Centenary of Alzheimer's

In 2006, ADI commemorated one hundred years since Dr Alois Alzheimer first described the disease that would later bear his name.

Throughout the year ADI coordinated a centenary awareness campaign, consisting of two international competitions and a sponsored trek up Mount Kilimanjaro in Tanzania.

ADI’s International Photography Competition

The competition encouraged ADI member associations to present a more positive, human image of dementia through photography. The images reflected the reality of living with dementia, respecting the dignity of people with dementia and focussing on the person behind the disease instead of the illness itself. A professional panel of judges – including James McKillop, who has dementia – selected the winners from over 100 professional and amateur entries and the prizes were presented at ADI’s International Conference in Berlin.

First prize in the amateur category went to 'Neli Smiling' by Federico Esterol from Uruguay.

The Journalist of the Year Award

This competition encouraged the media to portray a more positive and accurate image of dementia. Member countries were asked to submit one article from their national or local press where it was felt that the journalist had helped to further knowledge and understanding of dementia through their writing. For ADI it was a way to disseminate reliable information and encourage journalists to write about dementia.

The winner of the competition was Mina Sabagghi, from Iran, for her article 'Give me your hand':
"But how should we consider a patient who has no complaint or concept of their illness? In today’s cruel world maybe Alzheimer’s is a gift from God in your last years of life so that in your illness you forget ongoing difficulties and previous bitter memories. With Alzheimer’s, a person goes out steadily like a waning candle but is unaware of the process. Perhaps it is like a reminder from God for children not to forget our old and powerless mothers and fathers who were young and lively in their day. And we should remember that when they took our tiny and powerless hands, it is now our obligation to lend our youth and power to their weak hands."

Celebrity Support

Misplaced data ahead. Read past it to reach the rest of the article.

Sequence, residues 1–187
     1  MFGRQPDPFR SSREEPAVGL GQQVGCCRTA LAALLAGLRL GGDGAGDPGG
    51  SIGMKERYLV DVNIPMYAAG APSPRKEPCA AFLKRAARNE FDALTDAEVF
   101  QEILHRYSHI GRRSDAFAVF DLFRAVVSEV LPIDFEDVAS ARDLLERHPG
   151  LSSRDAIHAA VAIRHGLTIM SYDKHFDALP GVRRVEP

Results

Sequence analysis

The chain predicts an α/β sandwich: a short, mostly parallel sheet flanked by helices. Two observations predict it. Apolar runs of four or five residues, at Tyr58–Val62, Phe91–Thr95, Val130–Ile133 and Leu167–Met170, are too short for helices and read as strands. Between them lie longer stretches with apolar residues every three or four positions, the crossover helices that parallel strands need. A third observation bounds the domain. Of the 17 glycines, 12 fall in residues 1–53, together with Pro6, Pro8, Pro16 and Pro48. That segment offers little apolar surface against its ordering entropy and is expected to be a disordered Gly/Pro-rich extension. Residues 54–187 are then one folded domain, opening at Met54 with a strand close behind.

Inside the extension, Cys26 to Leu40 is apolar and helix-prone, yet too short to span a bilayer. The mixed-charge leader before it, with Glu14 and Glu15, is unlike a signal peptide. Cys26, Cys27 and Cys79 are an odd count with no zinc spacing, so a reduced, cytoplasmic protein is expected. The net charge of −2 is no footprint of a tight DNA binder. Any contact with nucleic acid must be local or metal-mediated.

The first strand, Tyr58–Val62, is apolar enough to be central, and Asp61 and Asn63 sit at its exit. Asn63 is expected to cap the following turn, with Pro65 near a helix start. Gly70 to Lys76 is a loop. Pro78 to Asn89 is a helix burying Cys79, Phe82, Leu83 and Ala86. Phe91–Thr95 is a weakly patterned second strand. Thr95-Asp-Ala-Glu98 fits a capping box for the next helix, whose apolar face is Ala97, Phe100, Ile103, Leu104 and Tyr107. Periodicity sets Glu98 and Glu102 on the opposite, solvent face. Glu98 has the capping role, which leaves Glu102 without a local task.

Sir Cliff Richard, the well known British pop star, very kindly offered his support as ADI Patron for the Centenary year. Cliff Richard’s mother has Alzheimer’s disease and it is therefore a cause very dear to his heart.

Sir Cliff said: "I am happy to lend my support to and act as Patron for Alzheimer’s Disease International in this landmark year. Having first-hand experience of life with dementia – sadly my mother suffers from this disease – I’m well aware of the huge impact Alzheimer’s disease can have on both the person affected and their loved ones.

Despite huge and rapidly increasing numbers of people with dementia, the disease does not receive the attention and recognition it deserves. Dementia is still surrounded by stigma and myth, which act as barriers in securing adequate care and treatment.

Having seen the effects of Alzheimer's disease on my mother, I am only too pleased to identify with the work of ADI and to support their centenary initiatives. This year is a great opportunity to raise awareness of the disease, and I hope that together we can make governments and the public sit up and realise its devastating effects on people and families worldwide."

Princess Yasmin Aga Khan, president of ADI, sent a special message for the centenary:

"As we commemorate the 100th year since Alzheimer's disease was first diagnosed, we have the opportunity to look back on the advances made in care and treatment over the last 100 years but also to look forward and assess the needs of the 24 million people living with dementia worldwide.

Dementia indiscriminately takes loved ones away and places a great burden of care on family members and carers. I know this through personal experience after my mother, the beautiful actress Rita Hayworth, was diagnosed with Alzheimer's disease in 1981.

This year Alzheimer's Disease International is working with members worldwide to raise the profile of dementia and to call governments to action. We must work together to put dementia high on the international health agenda."

Ascent for Alzheimer’s: World Team

Ten people from eight different countries met for an unforgettable adventure on the slopes of
Mount Kilimanjaro, Tanzania for World Alzheimer’s Day 2006. Climbers from Turkey, Hungary, USA, UK, Canada, Hong Kong, Denmark and the Dominican Republic met on common ground
with one common purpose: to reach the summit of Mount Kilimanjaro in honour of the 24 million
people around the world with dementia. In total the team raised over US $250,000 for their national
Alzheimer associations.

"Never has the sight and warmth of the sun been a more heartening and welcome sensation than
it was that morning. As day dawned on World Alzheimer’s Day 2006 and the team made that final effort to make it to the summit, the feeling of awe, pride in our achievement and solidarity against dementia was overwhelming. Suddenly the exhaustion and aching limbs were forgotten as we jumped around, cried, laughed and embraced with full realisation of what we had achieved. Standing there together on the summit we paid tribute to the millions of families living with dementia who had inspired our adventure and who climb their own mountains everyday."
Melanie Legg, UK member of the World Team

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